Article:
Do you think you’re innocent of all crimes, past, present and future? Do you think you’ll never see the inside of a jail, never stand before the judge as he sets bail, or do hard time while watching your tail?

Think again.

There are currently over 4,500 laws related to concert crimes in the United States. Granted, some of these laws are outdated and are considered to be relics from another era. Nevertheless, these laws are still on the books, and you never know when some bright young assistant to the district attorney might be looking at you as a potential feather in his cap.

For example, seven counties in New Hampshire currently have laws making it illegal to feed support acts after 8:00 p.m. Ridiculous, you say? Just ask Bradley Rogers, who’s currently doing six months in the slammer for tossing a piece of beef jerky to the Shout Out Louds while the band warmed up the audience for Kings Of Leon last month. Sure, he meant well. However, the law is the law, and Mr. Rogers has four months to go before he rejoins his neighborhood.

The same goes for Wendy Snyder of Central California. Ms. Snyder, a life-long Neil Diamond fan, recently ran afoul of an obscure ordinance prohibiting lustful thoughts during encores. Her sentence? Sixty days in the county jail plus 100 hours of community service spent picking up empty six-pack rings at venues hosting this year’s Ozzfest tour.

And there are more laws. Laws preventing audience members from taking more than two bathroom breaks during headliner sets still exist in Pennsylvania, while an ordinance requiring headline acts like Jimmy Buffett and Oasis to play at least five top ten hits per each hour of their performances is still enforced in southern Alabama. Then there’s the local law in Remus, Michigan, which requires all performers to refrain from spending more than ten minutes per show talking instead of singing, thus preventing U2 and Bruce Springsteen from ever playing the town’s annual goiter festival.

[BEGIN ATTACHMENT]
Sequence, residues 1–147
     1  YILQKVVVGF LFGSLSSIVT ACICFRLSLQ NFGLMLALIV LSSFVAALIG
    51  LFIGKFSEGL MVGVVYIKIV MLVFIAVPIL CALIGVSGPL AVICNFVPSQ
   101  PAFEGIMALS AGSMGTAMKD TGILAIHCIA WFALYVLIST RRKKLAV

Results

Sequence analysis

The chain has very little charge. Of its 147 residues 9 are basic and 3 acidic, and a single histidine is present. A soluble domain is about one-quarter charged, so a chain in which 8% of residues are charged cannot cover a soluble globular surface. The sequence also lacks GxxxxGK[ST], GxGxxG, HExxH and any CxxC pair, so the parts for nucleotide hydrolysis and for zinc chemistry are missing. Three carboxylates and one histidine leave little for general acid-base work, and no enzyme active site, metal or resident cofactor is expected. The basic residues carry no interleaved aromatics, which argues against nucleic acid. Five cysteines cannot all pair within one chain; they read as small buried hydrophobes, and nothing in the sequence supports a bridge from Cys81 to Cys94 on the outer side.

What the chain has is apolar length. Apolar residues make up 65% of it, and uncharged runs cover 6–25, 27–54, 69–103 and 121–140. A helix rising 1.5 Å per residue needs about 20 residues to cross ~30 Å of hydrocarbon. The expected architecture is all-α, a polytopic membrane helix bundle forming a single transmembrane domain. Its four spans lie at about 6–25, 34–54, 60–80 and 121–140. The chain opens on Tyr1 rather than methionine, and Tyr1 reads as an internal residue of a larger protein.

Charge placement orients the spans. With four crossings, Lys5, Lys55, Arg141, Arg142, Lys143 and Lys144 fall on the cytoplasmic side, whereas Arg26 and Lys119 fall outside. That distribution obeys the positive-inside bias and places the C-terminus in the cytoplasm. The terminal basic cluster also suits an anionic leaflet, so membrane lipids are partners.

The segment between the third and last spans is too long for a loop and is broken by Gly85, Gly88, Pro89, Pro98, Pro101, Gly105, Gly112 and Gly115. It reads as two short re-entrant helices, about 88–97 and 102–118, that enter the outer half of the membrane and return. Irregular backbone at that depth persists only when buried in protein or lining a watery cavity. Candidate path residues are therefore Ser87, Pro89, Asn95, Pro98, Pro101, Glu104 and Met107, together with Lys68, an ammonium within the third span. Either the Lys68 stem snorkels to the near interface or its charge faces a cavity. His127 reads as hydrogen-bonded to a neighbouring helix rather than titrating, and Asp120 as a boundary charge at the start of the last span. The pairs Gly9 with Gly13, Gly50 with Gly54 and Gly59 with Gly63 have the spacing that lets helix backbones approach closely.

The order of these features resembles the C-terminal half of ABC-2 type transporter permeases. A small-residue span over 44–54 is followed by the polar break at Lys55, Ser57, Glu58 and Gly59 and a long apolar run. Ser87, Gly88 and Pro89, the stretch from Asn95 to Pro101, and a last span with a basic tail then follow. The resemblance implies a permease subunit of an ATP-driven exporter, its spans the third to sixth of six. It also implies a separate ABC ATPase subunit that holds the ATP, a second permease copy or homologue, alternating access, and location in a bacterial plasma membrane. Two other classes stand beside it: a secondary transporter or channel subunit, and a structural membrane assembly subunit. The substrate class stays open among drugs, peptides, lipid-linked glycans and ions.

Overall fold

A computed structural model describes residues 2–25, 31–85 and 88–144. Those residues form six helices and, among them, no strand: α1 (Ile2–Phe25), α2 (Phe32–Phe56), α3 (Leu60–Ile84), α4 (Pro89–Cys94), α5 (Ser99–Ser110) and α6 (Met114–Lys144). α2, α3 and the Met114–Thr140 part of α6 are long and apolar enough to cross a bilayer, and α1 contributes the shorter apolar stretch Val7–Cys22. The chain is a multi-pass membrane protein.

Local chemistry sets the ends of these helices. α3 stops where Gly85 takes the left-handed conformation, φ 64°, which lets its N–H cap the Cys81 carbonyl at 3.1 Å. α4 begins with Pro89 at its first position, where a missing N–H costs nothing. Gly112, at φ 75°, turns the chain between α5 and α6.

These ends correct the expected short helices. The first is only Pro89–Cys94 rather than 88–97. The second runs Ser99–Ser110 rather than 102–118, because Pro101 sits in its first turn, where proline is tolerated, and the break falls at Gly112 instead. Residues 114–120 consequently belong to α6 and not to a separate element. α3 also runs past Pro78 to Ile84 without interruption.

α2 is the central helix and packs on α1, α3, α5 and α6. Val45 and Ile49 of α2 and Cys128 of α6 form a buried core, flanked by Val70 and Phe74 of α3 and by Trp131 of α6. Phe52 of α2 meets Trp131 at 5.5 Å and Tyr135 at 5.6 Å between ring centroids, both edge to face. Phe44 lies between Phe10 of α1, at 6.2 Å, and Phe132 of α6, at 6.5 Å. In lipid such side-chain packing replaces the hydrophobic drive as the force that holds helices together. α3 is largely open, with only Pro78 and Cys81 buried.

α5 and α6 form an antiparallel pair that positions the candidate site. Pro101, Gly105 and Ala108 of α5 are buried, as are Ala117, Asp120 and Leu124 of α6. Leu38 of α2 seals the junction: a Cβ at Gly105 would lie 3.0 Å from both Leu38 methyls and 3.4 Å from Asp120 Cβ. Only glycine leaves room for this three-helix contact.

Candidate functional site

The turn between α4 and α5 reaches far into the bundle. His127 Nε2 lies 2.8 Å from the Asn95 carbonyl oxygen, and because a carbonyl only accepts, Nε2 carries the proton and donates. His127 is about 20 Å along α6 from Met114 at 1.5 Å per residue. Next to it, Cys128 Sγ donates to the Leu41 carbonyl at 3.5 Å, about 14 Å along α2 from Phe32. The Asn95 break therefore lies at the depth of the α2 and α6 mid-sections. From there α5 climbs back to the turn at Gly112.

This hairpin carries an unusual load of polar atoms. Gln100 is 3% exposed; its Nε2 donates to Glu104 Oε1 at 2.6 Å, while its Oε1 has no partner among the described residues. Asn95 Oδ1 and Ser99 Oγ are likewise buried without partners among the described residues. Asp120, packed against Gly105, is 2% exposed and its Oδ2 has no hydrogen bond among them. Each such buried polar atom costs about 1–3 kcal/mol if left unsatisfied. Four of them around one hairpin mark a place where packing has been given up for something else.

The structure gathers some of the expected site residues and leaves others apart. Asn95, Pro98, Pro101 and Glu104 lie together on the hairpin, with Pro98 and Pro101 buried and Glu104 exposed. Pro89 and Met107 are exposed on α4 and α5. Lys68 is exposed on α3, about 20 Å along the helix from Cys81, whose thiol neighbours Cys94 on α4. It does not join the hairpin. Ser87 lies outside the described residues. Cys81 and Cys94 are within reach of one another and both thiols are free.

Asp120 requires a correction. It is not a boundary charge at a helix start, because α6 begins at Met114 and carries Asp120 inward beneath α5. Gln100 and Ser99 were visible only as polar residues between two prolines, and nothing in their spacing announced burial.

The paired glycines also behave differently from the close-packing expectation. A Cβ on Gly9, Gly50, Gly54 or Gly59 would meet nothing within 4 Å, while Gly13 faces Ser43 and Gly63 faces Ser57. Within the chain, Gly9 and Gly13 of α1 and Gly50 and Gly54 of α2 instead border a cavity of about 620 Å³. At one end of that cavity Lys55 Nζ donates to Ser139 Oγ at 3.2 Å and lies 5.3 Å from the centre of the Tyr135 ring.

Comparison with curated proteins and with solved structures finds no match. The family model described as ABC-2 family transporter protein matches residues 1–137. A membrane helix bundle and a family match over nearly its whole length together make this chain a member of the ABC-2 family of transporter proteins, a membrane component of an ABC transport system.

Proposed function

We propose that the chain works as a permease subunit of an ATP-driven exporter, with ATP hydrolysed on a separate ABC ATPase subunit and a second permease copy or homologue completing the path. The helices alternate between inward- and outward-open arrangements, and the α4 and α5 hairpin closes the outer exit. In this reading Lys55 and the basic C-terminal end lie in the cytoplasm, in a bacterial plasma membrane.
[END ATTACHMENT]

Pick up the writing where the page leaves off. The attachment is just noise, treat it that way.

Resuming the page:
What to do? First off, as the old saying goes, ignorance of the law is no excuse. In other words, know your local laws and ordinances before you buy tickets for Juliana Hatfield or Martha Wainwright. Watch out for ambiguous laws such as the no-flatulence ordinance in Bakersfield, California, or the big hair restrictions in Casper, Wyoming. This summer’s concert season can be the best ever. That is, if you know your local laws.

And be thankful you’re not living in Rockville, Maryland, where a 120-year-old local ordinance not only prohibits concert goers from spitting, chewing, hollering or spewing, but also requires that all concert constables wear dog costumes while on duty. The local city council claims the costumes are necessary so that the police department can “take a bite out of crime.”

However, we like to think of it as the long arm of the paw.